By Lucy McGirk
Young offenders in Polmont took part in a workshop to encourage creativity run by theatre group Visible Fictions. This on-going exercise involved the prisoners working together with a professional writer, director and set designer to put together a play based on the first chapter in Bram Stoker’s ‘Dracula’.
The company’s Artistic Producer, Dougie Irvine, compared this chapter, which involves sailors, unbeknown to them, trapped on a ship with the vampire, to many of the youngsters circumstances. He cited them as being “trapped” in destructive patterns.
He also said, with regards to the reception of the theatre group by the young people, that “I’m sure it was a laugh at first”, but that it was “truly remarkable to watch these boys grow and develop through art”. In an interview he also gave a number of stories of individual offenders, one of whom wanted to re-schedule an appointment with his lawyer regarding his appeal in order to appear in the show, and another who initially could not read or write, but took classes and was given greater motivation to learn so that he did not let down his fellow inmates. Irvine also stated that having a goal to work towards was “essential” for these boys, and that the sense of collective pride was “amazing”.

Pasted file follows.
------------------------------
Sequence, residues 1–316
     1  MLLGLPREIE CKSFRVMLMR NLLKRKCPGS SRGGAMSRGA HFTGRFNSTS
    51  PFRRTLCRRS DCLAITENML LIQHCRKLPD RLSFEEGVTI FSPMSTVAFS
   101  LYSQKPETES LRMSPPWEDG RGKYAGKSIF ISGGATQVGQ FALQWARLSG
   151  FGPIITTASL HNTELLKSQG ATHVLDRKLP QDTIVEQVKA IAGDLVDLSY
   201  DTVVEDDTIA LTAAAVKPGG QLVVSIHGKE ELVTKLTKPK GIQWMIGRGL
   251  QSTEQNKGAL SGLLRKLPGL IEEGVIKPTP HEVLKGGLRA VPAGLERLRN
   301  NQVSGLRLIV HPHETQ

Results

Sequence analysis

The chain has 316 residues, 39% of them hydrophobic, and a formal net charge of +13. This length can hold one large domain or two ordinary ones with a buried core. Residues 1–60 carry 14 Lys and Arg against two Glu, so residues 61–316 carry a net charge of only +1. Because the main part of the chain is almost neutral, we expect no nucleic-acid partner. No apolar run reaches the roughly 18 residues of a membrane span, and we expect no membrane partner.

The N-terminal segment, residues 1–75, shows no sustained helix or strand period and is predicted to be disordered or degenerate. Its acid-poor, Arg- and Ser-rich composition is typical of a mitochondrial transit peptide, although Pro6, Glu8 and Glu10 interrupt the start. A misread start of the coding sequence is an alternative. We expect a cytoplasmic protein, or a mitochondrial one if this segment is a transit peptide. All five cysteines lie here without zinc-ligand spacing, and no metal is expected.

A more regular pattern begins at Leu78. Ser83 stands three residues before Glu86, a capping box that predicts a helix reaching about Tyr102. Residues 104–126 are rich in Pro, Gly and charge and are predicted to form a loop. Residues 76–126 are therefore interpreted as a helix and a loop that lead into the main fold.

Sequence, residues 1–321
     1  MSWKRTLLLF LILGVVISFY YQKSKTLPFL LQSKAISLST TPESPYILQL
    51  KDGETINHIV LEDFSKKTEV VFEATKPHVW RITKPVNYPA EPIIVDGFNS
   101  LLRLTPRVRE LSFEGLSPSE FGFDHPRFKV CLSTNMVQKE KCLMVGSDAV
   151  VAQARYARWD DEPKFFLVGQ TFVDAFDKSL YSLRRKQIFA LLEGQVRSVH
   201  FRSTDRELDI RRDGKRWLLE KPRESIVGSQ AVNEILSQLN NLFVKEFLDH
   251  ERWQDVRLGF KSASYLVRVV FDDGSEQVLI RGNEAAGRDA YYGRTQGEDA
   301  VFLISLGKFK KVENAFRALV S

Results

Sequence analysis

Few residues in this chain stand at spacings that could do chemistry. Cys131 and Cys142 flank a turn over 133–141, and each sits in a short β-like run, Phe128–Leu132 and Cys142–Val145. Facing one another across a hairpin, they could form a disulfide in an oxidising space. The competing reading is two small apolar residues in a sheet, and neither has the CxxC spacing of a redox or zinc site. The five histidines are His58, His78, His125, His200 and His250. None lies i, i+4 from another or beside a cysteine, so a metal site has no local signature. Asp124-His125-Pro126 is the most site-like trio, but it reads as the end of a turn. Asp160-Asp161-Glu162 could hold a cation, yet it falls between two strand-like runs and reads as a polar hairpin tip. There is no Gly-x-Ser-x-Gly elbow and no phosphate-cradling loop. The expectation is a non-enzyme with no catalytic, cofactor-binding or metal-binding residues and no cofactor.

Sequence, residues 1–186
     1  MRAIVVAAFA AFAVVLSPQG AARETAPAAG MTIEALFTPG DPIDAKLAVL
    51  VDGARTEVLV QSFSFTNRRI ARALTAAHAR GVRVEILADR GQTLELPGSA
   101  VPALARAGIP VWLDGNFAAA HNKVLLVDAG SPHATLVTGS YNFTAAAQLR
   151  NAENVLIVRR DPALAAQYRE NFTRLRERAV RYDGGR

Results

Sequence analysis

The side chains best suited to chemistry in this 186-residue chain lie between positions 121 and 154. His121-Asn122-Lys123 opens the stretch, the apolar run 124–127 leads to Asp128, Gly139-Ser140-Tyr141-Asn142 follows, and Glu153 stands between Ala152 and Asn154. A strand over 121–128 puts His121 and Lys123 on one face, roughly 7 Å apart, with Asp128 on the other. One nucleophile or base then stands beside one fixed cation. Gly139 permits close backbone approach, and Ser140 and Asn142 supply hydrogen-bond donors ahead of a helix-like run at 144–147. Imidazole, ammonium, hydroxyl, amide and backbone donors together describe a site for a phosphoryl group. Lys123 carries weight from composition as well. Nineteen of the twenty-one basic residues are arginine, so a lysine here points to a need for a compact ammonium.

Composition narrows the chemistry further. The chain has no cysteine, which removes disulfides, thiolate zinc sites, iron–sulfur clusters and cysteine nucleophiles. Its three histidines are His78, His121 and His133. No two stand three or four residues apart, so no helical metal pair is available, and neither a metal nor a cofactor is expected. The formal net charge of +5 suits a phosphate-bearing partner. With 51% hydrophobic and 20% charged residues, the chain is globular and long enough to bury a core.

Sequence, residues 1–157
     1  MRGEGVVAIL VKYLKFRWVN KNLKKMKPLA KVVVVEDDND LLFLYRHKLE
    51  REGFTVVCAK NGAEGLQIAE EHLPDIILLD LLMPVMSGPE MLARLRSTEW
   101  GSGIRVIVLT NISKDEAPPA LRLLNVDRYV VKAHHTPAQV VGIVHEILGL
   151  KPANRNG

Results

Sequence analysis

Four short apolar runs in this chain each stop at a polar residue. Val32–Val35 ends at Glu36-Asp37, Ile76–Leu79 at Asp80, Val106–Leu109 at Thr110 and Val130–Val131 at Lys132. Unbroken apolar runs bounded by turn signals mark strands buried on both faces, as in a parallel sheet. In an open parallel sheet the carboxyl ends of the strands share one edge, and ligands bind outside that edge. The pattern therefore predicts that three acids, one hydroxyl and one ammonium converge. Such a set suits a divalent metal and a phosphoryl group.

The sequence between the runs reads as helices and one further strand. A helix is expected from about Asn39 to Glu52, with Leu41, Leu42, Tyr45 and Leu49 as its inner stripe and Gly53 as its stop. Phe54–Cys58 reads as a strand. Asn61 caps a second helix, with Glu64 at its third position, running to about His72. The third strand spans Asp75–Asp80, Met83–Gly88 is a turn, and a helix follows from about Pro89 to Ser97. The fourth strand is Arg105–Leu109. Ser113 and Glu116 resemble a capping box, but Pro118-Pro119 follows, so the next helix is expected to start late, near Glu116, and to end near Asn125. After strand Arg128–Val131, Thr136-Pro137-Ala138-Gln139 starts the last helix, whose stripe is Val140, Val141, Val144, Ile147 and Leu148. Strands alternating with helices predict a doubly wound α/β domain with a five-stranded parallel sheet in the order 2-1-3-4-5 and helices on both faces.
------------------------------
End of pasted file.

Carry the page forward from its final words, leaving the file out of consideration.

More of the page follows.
Alison Haylock, a former teacher at an English prison said about jail time that, “I believe that it should give convicted criminals a chance to re-make themselves and come out better equipped to deal with the world than when they went in”. This, in the eyes of Visible Fictions is the goal they’re striving for.
Visible Fictions are looking to expand this project, involving the cooking classes at the institution to cater for guests.